Unilever’s ecommerce business grew rapidly in 2020 as it capitalised on online demand, which grew as a result of lockdown measures.
It now plans to continue upgrading its direct to consumer operation – one of its five strategic pillars for growth – drawing on consumer insight to help it build the channel.
Ecommerce grew by 61% last year and it now accounts for 9% of Unilever’s business.
Speaking on an investor call this morning (4 February) to mark the company’s 2020 financial results, CFO Graeme Pitkethly said ecommerce “continues to perform strongly, outperforming the market significantly”.
Ecommerce sales for its Prestige portfolio of premium brands, such as Dermalogica, Murad and Kate Somerville, grew by more than 50%, for example.
Pitkethly said the company “rapidly pivoted” resources to suit in-home consumption of food too. It launched ideas such as Ben & Jerry’s Netflix & Chilll’d variant, to support its ‘Ice cream now’ home delivery service, helping its online ice cream business double in 2020.
Overall, in-home ice cream sales rose 17% last year, which helped to offset the 20% decline seen in out-of-home sales.
While Unilever pulled back on marketing spend when the pandemic hit, ceasing all major advertising in the first half of 2020, it invested heavily in the second half of the year, Jope said, with investment reaching €160m (£140m) for the whole year.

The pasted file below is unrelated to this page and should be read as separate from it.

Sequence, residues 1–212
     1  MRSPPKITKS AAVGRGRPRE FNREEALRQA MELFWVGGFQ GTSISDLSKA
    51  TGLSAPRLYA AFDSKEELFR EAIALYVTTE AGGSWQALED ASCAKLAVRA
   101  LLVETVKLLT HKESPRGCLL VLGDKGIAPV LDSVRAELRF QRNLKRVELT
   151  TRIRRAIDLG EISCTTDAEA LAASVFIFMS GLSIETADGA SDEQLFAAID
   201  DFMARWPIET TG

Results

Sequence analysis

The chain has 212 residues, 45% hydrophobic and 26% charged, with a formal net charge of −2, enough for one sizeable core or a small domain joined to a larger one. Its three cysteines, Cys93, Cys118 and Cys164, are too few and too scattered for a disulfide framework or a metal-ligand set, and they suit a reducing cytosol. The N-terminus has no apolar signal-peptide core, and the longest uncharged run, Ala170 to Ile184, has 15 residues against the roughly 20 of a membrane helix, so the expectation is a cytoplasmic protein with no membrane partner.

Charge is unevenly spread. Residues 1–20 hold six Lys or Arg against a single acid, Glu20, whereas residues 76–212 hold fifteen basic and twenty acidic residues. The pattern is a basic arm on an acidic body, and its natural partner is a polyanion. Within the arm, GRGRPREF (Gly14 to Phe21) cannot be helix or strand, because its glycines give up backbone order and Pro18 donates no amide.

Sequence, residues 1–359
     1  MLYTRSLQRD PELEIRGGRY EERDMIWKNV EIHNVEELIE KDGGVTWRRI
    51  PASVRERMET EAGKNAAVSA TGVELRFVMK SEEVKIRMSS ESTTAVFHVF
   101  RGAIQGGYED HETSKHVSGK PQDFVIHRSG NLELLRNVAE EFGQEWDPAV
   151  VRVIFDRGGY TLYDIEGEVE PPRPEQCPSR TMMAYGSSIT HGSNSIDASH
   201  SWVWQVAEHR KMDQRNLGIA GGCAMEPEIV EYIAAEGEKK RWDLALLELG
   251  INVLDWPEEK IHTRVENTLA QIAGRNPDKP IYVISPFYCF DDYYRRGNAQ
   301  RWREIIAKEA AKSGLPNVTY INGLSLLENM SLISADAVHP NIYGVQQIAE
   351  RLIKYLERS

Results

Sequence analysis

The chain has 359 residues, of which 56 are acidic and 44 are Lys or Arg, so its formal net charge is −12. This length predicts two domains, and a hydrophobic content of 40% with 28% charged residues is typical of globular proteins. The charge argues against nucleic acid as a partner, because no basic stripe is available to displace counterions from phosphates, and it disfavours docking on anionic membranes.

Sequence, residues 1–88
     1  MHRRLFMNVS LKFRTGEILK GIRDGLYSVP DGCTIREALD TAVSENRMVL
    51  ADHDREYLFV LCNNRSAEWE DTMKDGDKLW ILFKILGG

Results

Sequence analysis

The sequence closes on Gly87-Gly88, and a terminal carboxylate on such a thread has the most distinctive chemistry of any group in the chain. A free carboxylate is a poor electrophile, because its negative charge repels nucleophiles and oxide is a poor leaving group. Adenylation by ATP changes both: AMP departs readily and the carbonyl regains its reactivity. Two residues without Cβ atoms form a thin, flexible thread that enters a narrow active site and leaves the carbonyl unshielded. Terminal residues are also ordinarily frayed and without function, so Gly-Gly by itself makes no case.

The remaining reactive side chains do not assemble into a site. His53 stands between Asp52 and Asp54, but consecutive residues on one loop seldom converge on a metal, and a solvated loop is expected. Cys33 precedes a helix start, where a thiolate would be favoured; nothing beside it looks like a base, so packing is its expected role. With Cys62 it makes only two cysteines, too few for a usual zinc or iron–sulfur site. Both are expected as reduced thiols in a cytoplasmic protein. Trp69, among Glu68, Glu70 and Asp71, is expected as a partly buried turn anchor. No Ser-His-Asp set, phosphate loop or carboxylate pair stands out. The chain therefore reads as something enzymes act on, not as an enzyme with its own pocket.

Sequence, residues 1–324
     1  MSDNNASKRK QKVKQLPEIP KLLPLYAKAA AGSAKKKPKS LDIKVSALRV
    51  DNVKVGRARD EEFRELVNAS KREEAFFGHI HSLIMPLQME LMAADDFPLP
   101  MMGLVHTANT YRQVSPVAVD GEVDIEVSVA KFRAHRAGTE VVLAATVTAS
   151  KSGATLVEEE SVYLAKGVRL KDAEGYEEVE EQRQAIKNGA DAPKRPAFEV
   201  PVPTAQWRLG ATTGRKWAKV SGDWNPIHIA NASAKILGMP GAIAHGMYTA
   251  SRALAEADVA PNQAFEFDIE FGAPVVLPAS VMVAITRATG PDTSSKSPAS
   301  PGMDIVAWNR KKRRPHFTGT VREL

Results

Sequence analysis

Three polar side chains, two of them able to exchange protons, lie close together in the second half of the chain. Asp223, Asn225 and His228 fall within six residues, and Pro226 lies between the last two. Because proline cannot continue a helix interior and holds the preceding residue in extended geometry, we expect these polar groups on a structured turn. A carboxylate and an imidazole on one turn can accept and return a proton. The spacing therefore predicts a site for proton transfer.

“We stepped up investment in BMI (brand and marketing investment) strongly in the second half by brand campaigns and product innovation that had been tailored to be specific to the new environment,” he said.
“That includes more hygiene-based communication and in-home consumption opportunities. An example of this was the Hellmann’s ‘Stay In(spired)’ campaign. As a result, BMI spend was up by 100 basis points in the [second] half.”
Five strategic pillars
Unilever has set out five strategic pillars for future development, which includes positioning brands in categories tipped for future growth. This will also be used as a guide for organic investment and acquisitions and disposals.
The FMCG giant sees ecommerce as another key driver of growth and says it will be looking to grow its direct to consumer business using “advanced shopper insight” to keep up with fast-changing consumer behaviour.
International expansion is also on the agenda, with Unilever looking to accelerate its presence in the US, India and China. More than a third (35%) of its turnover comes from these countries and it believes it can “bring sharper focus” to these markets and build “even stronger positions”.
As part of its ongoing focus on sustainability, Unilever will also continue to position its brands as a “force for good, powered by purpose and innovation”.
Lastly, the company aims to “build a purpose-led, future-fit organisation and growth culture”.
A difficult year
Unilever reported underlying sales growth of 1.9% during 2020, for an underlying operating profit of €9.4bn (£8.2bn). Its turnover was down 2.4%, however.
“In a volatile and unpredictable year, we have demonstrated Unilever’s resilience and agility through the Covid-19 pandemic. I would like to thank the Unilever team, whose dedication and hard work has delivered a strong set of results under the most difficult of circumstances,” said Jope.
“Early in the year, we refocused the business on competitive growth, and the delivery of profit and cash as the best way to maximise value. We have delivered a step-change in operational excellence through our focus on the fundamentals of growth. As a result, we are winning market share in over 60% of our business in the last quarter, on the basis of measurable markets.”